The Olympics are often spoken of as the purest athletic competition in the world, an event based on participants' honor, love of country and sheer respect for their chosen sports. In practice, though, every Olympic Games, including the one currently taking place in Sochi, is driven by a whole lot of money. Hosts spend a lot of money to make them work, official sponsors pay large sums for advertisements and associations with athletes, and many others find a way turn the results into profit-making ventures, too. It's all pretty unavoidable — anything this popular is going to involve people trying to make a buck.
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While prizes are not an athlete's primary motivation for performing well, many national Olympic committees pledge money to anyone who brings home a medal. The United States is no exception — gold medalists earn $25,000, silver medalists get $15,000, and bronze medalists nab $10,000. Not bad, of course, but far off Azerbaijan's high of nearly $510,000 for a gold. (Then again, they've never had a Winter Olympics medalist of any kind, so it means a little more.)
On the other hand, Americans should expect to hand over a portion of their medal prizes to Uncle Sam. As noted by the group Americans for Tax Reform (via FoxNews.com), headed by anti-tax zealot Grover Norquist, the United States taxes earned income abroad, which means that all medalists will be taxed for their prizes. According to ATR, those in the top tax bracket (39.6 percent) — like, say, Shaun White or any Team USA hockey player — will pay $9,900 on a gold medal — while those in the bottom tax bracket (10 percent) will pay $2,500 for a gold. Many developed nations do not tax Olympians for their medal prizes. On the other hand, others such as Great Britain don't give their medalists cash prizes at all.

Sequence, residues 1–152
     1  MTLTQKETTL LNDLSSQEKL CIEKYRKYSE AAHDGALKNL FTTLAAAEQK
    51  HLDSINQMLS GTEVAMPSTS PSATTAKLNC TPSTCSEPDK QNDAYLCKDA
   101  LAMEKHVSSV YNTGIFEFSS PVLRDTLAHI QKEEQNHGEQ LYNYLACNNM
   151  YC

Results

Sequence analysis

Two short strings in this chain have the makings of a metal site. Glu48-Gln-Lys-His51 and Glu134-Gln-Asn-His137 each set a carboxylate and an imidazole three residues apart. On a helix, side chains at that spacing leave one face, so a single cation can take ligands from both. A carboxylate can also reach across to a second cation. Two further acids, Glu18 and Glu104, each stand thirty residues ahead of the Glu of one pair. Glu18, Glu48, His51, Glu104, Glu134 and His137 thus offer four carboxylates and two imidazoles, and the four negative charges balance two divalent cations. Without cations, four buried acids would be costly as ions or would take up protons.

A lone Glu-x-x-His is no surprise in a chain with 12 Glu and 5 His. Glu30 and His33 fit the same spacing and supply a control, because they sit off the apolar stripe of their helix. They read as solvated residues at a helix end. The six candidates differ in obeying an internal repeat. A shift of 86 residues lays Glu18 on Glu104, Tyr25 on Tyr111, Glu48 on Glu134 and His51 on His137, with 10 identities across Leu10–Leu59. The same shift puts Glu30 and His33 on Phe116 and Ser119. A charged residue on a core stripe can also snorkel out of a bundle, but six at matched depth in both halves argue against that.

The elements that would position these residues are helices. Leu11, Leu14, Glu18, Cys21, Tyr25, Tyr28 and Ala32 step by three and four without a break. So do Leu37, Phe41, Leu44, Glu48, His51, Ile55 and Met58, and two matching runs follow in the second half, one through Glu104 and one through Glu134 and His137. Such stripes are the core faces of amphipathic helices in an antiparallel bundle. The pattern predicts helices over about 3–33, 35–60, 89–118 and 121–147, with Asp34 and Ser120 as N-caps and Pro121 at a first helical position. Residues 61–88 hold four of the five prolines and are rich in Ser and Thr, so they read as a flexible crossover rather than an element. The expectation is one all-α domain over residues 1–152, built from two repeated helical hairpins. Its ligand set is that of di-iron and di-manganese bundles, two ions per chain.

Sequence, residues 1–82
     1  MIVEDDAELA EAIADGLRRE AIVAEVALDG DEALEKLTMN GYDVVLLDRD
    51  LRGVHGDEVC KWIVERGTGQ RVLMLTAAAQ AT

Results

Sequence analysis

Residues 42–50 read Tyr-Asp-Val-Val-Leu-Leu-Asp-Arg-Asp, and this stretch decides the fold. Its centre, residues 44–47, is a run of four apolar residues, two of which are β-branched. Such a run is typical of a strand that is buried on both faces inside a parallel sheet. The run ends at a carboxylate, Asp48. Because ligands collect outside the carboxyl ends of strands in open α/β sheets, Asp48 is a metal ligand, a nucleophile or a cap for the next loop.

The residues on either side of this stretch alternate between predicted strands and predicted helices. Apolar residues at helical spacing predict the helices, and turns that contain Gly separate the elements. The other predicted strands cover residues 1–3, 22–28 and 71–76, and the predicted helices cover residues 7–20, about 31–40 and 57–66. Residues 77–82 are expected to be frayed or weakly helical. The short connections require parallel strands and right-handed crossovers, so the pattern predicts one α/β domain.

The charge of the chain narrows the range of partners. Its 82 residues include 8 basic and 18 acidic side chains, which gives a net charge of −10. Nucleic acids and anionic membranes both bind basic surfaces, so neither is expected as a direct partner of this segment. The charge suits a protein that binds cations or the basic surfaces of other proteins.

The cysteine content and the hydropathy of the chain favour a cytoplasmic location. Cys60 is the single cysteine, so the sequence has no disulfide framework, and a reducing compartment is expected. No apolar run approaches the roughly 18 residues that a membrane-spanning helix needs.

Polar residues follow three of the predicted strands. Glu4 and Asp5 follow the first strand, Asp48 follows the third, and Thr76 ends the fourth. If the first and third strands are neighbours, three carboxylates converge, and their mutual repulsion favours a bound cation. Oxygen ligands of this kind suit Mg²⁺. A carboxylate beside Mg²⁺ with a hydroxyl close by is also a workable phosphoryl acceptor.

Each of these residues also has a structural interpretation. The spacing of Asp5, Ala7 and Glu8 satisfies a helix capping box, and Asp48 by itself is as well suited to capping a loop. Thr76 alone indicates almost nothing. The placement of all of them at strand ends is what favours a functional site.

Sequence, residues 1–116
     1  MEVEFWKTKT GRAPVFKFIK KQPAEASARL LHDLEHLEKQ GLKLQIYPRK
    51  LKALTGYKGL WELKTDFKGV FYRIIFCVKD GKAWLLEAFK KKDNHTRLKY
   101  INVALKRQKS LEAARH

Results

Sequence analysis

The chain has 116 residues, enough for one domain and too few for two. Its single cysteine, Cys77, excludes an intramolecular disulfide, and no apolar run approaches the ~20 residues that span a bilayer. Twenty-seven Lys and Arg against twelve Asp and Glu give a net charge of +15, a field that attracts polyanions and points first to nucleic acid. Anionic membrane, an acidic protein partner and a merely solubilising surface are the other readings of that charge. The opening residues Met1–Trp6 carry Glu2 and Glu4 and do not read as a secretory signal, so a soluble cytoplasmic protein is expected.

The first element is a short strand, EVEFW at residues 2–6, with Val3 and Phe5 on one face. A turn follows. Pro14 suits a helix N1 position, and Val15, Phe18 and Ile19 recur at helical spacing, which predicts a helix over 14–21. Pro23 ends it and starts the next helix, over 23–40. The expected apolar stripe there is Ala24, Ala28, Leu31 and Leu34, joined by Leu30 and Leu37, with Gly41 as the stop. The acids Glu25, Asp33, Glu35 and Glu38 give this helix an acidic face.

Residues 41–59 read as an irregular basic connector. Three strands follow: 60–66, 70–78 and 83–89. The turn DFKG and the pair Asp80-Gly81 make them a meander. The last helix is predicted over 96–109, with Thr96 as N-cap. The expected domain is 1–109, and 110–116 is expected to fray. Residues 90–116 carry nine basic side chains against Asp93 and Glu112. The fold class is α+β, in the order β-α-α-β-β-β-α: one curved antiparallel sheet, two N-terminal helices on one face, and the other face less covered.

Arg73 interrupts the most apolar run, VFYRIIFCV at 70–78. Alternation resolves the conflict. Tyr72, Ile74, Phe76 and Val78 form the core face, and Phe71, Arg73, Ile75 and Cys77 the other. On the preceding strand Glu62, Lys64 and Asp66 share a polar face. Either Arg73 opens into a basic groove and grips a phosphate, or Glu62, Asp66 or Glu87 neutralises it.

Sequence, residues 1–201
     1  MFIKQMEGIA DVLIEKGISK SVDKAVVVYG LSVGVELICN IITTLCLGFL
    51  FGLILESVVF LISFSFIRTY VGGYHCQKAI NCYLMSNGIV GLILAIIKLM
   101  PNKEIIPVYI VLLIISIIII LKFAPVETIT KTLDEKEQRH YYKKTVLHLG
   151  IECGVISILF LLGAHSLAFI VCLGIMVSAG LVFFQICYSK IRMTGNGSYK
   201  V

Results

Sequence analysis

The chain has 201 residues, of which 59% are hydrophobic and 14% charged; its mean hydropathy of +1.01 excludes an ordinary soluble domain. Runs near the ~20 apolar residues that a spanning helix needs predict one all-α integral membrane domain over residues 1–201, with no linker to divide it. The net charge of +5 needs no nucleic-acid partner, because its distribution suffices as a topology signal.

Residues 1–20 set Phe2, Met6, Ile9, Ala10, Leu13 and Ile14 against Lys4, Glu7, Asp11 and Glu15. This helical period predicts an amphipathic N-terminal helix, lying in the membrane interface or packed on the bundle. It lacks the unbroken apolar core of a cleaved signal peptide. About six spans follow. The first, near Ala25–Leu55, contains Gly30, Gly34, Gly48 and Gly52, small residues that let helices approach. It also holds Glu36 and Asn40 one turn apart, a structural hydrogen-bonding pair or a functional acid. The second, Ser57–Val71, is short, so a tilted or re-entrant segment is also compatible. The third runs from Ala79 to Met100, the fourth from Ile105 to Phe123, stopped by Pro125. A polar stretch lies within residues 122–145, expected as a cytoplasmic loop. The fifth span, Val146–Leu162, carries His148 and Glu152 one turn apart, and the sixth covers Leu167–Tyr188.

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On Tuesday, Rep. Blake Farenthold (R -- Texas) introduced the Tax Exemptions for American Medalists (TEAM) Act, which, as you can probably guess from the name, would waive these taxes for Olympic medalists. Similar proposals were supported by both President Barack Obama and Governor Mitt Romney during the 2012 election.
Despite this argument playing out as an Olympic issue, it appears to have much more to do with long-held political debates over the role of taxes in government. Arguments from ATR, Rep. Farenthold, and Senator Marco Rubio in favor of waiving this tax cover the same ground as familiar conservative arguments about taxes punishing success and limiting the most talented Americans. While liberals haven't been quoted much on this issue, it's easy to imagine an argument that taxing Olympians is plenty ethical considering that they were helped by the infrastructure of the nation and the United States Olympic Committee. Yet these rules only affect a few dozen medalists per year, to the point where politicians must have ulterior motives in focusing on this issue.
It's a proxy war for a much more controversial political argument. Feel free to use this issue to score political points, but don't expect to hear any medalists gripe about their tax rate in interviews with NBC correspondents. The cash prize matters, but it's not the reason these athletes traveled to Sochi.
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